Now that my exams have finished and I’ve got a potentially infinite stretch of time before me until I’m able to land a graduate job, I can finally get back to reading things that aren’t philosophy related in some shape or form.
Also, I got an iPhone on Tuesday, so from now on my posts will be brought to you with photos that don’t look like forgotten CCTV footage (shout out to my little Samsung who tried his absolute hardest for two years and will be missed dearly. Sort of.)
So, yes. Books! I treated myself to a trip to Waterstone’s yesterday to pick up something new. Throughout the morning I also bought dusters, polish, floor wipes and hair bands, so I figured I deserved something extra that isn’t incredibly dull to blog about. I spent about 45 minutes perusing the shelves, ready to spend a good twenty quid on an armful of books before I eventually found the newest Marian Keyes on half price.
The Woman Who Stole My Life by Marian Keyes
I’m not going to lie, it was the half price that drew me to this one (it was 4 quid instead of 8, in case you’re wondering), but I’ve read a couple of Marian’s books before and I absolutely love them. Do you ever get the feeling a book is just really cosy? Does that make sense? That’s how I feel when I’m reading a Marian Keyes. Her characters and stories are hilariously witty, really heartfelt and just all-round lovely. So, cosy. The Woman Who Stole My Life follows Stella, a married Dublin mum who’s just trying to do a good deed when she collides with a Range Rover and meets a handsome man who (I assume) is going to turn her life upside down. I can’t wait to read this, and I’ll let you know what I think when I’m done!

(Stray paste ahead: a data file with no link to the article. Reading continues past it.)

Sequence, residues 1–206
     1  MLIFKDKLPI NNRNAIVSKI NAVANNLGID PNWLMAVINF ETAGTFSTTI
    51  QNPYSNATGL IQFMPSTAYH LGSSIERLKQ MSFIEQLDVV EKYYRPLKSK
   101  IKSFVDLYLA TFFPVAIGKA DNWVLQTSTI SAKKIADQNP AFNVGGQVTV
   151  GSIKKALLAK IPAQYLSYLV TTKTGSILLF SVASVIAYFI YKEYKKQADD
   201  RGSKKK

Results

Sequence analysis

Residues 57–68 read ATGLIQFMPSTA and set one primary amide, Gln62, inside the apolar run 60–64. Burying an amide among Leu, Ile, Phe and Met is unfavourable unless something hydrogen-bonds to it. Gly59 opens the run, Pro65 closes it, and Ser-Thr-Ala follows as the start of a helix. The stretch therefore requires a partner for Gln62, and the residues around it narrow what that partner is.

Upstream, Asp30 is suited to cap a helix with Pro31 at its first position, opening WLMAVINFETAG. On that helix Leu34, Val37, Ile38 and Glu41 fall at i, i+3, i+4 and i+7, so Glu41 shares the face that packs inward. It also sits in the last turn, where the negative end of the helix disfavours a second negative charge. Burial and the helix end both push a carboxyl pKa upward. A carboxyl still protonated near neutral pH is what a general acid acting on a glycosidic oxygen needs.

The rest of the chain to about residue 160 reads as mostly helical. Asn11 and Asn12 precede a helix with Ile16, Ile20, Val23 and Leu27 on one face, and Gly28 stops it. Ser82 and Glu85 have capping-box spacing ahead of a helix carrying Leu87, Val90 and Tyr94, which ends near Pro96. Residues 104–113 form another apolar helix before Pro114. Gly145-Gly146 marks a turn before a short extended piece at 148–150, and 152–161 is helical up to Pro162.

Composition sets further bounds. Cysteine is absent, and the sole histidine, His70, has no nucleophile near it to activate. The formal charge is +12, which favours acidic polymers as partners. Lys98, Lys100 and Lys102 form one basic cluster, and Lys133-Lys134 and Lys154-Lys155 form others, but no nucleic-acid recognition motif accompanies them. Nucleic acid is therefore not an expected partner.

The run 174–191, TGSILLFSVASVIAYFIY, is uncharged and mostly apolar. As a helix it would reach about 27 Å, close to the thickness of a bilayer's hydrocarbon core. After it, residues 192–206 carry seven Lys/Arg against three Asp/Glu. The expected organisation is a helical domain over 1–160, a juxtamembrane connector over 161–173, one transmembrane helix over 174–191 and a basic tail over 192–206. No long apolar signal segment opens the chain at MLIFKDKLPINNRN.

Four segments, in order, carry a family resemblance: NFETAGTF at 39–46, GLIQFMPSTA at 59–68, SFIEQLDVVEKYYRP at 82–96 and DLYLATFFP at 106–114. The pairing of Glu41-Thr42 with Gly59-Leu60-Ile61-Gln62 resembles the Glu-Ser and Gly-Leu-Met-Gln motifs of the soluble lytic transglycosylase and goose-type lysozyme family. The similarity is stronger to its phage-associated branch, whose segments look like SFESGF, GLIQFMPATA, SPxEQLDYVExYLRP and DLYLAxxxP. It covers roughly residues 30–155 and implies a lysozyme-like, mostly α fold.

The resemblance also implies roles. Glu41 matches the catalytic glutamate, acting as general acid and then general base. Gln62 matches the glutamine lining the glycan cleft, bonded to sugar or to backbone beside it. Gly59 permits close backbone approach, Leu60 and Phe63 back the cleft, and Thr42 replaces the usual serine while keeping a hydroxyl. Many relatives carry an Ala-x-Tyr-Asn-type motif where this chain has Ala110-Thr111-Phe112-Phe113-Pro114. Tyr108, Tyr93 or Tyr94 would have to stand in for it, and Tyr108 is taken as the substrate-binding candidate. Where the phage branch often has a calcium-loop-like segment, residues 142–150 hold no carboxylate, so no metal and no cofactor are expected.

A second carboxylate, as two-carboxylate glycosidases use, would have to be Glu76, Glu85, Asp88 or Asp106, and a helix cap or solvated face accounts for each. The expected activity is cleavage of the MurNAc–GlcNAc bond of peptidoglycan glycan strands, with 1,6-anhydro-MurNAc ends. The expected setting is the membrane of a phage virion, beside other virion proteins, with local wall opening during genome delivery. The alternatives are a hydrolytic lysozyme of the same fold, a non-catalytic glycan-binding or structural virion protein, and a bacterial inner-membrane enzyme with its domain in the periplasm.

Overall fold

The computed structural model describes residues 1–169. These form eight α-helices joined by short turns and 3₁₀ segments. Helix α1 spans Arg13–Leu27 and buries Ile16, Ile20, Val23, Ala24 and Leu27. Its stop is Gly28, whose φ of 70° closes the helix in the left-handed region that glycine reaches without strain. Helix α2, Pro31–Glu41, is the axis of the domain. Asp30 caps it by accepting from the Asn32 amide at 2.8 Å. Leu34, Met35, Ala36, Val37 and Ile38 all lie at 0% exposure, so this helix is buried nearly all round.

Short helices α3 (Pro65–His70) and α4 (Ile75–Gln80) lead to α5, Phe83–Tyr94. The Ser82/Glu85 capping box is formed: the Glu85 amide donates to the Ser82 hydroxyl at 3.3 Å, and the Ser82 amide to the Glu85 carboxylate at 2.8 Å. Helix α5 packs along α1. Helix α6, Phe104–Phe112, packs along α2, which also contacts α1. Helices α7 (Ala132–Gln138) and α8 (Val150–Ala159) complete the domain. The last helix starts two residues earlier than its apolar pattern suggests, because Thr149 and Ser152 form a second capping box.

However, I’ve got a couple of other books on the go at the moment (whoops) so it’ll have to wait for a while.
Us by David Nicholls
I’ve made a piss poor attempt to read this, if we’re being honest. I received the hardback as a Christmas present and, after reading The Understudy in just over a day (I never actually reviewed that but I posted about it on my Instagram here if you want to have a little nose at the comments) thought I’d be zipping through this. I was v wrong. Apparently, life gets in the way a lot when you’re a finalist at university, and nearly 5 months later I’m barely a third in. It’s been with me to laundrettes, on train journeys and in spare moments when I’ve been trying to avoid my responsibilities. Us is the story of Douglas, a scientist; Connie, his artist wife and their son Albie. Connie announces one night that she doesn’t want to be with Douglas anymore – only a slight problem considering they’ve got a family holiday booked before Albie heads off to uni, which will take them all over Europe. Throughout the trip more details of Connie and Douglas’ relationship is revealed, and Douglas as a narrator has had me laughing out loud in public in some parts. It’s a really good book, I promise, and I hope I’ll get back into it sometime soon.
The Brightest Star In The Sky by Marian Keyes
Finally, here’s the book I’m properly reading at the moment. Excuse the coffee stains all over the cover, beggars can’t be choosers when they’re buying their books from charity shops. As I’ve said before, I love Marian Keyes, and this one’s been with me all this year as a book I Really Must Read. I took ‘Is Anybody Out There?’ on holiday to Spain last September and finished all 600-and-something pages of it by the pool in two days. It was so good. I’m getting really into this one too; won’t say anymore at the moment because I don’t really know much. But this is the current read.
There are plenty of other books I’m hoping to read over the summer – Look Who’s Back by Timur Vermes looks absolutely brilliant, so I’ll be buying that next (I’ll let Amazon do the talking for this one. Click here to have a look.)
What are your summer reads for 2015?
Until next time,